According to Teagasc’s Padraig French, detailed planning and management are key when establishing a new dairy farm.
The Head of Livestock Systems Department & Dairy Enterprise Leader advises those considering entering dairy to develop, analyse and stress-test any plans that they develop.
Here are his top tips:
- Develop a physical plan for the farm to include milking and grazing infrastructure, animal housing and slurry storage;
- Develop a capital budget for the farm to quantify the total cost of converting to an operational dairy farm;
- Construct an operational budget for the farm to quantify the total costs and total income generated annually;
- Develop a timescale plan for the conversion of the farm;
- Managing the conversion phase.
Develop a physical plan:
- Cow numbers: Consider farm size and grass growth potential;
- Infrastructure: Design winter housing facility, milking facility and grazing infrastructure. Consider the number of cows planned and the farm;
- Operational plan: Management and employees.
- Estimate the cost of each item;
- Speak to other farmers;
- Develop a stock budget based on total number of stock;
- Consider costs: Transport, vaccines, disease testing costs – TB;
- Managing the conversion – who will be over?
Operational budget to quantity total costs and total income generated annually;
- Use Teagasc’s six-year budgeting tool to forecast cash inputs and outputs and profitability;
- Net profit plus opportunity cost of unpaid labour or land minus debt repayments divided by the total capital investment will give the return on capital;
- A target return on capital by year 5 should be >10%, assuming an average milk price;
- Stress test budget plan at a low milk price, particuarly in the early years after conversion.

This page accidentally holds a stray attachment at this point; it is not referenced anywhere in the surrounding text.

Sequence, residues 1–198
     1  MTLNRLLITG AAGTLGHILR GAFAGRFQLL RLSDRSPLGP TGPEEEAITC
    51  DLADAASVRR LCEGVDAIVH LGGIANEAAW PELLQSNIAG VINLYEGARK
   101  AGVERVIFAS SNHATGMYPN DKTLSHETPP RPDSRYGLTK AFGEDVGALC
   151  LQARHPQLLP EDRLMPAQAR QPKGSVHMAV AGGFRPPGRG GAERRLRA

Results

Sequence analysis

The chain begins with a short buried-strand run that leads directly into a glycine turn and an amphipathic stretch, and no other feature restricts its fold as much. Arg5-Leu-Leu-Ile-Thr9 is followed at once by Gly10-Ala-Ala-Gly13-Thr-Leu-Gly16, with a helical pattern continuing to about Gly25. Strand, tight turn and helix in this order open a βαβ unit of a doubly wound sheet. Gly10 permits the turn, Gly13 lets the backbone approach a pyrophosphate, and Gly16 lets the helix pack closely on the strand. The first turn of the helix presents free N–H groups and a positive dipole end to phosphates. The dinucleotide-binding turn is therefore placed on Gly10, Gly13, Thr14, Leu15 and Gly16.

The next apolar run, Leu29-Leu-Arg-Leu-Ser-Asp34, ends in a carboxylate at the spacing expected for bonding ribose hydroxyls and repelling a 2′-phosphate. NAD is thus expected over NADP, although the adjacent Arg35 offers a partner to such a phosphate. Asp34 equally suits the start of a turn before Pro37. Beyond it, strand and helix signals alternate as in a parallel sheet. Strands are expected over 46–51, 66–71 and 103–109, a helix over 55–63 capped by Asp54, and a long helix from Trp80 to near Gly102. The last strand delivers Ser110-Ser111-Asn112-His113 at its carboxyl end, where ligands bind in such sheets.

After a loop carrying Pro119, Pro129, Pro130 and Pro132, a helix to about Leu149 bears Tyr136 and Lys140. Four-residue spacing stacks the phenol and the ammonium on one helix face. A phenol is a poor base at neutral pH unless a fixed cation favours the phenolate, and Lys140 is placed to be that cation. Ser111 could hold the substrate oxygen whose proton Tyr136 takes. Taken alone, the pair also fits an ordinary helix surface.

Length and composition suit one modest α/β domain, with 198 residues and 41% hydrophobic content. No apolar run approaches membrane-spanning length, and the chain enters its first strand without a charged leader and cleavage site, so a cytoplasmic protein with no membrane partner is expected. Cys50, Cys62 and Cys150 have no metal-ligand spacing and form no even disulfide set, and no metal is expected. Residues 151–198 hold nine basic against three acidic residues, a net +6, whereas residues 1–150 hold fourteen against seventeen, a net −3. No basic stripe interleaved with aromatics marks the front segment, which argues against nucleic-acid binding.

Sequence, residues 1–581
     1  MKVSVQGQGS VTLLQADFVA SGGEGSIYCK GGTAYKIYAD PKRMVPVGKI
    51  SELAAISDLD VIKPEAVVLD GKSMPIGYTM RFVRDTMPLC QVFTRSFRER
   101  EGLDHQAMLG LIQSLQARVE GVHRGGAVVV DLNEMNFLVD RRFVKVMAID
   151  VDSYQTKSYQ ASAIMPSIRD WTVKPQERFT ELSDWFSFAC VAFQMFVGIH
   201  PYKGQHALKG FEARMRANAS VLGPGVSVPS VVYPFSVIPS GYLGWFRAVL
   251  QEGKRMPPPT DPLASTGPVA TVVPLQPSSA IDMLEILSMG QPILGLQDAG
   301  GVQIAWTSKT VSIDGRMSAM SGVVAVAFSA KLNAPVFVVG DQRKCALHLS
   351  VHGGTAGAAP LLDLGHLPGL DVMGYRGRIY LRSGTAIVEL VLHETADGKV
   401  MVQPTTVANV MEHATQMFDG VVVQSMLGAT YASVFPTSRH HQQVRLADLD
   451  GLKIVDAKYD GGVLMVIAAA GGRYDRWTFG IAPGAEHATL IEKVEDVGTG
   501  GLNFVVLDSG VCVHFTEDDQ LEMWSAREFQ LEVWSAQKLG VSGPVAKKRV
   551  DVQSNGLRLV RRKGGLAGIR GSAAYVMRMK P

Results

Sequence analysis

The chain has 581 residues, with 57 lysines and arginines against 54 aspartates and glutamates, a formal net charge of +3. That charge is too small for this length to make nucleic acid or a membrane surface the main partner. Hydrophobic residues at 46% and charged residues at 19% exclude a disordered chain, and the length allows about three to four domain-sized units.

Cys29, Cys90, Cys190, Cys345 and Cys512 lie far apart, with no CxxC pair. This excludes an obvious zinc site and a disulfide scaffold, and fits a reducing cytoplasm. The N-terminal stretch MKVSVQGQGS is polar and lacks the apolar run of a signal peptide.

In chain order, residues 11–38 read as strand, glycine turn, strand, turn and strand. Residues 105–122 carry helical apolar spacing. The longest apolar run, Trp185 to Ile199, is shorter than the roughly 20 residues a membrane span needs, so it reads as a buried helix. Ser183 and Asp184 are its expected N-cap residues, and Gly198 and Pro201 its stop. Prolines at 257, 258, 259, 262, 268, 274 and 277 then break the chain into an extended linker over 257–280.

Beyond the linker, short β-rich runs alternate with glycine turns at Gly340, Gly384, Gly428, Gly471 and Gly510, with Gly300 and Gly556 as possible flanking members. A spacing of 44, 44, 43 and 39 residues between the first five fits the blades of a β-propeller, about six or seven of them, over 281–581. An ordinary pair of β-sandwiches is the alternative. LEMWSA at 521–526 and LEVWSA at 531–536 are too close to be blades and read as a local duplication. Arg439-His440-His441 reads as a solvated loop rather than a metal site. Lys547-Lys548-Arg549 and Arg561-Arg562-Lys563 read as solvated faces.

Develop a timescale plan for the conversion
- Apply for planning for any development needed – allow six months;
- Meet the bank with the plan to secure any funding requirements – allow six months;
- When applying for grant aid for development, factor in time schedules;
- Aim to construct grazing infrastructure and farmyard facilities during the summer months when ground conditions are usually more suitable allow six months for construction;
- Ideally, install milking facilities before the winter to avoid peak workflow for suppliers;
- Plan the arrival/first calving of stock to match the timeframe of the farm development.
Managing the conversion phase.
- Provide contractors with a plan of what you require. Request a written quotation before the commencement of any work. Discuss some cost implications.
- Regularly monitor the costs relative to budget – you may need to make adjustments e to plans to ensure the project stays within budget. Target scarce funds to essential investment. You can add extras when funds allow;
- If you have inadequate experience or expertise in the supervision of construction of farm infrastructure, then seek help and, for large projects, a project manager could be a worthwhile investment.
- Ensure you adequately manage any stock during the conversion phase and are on target to meet their production requirement.
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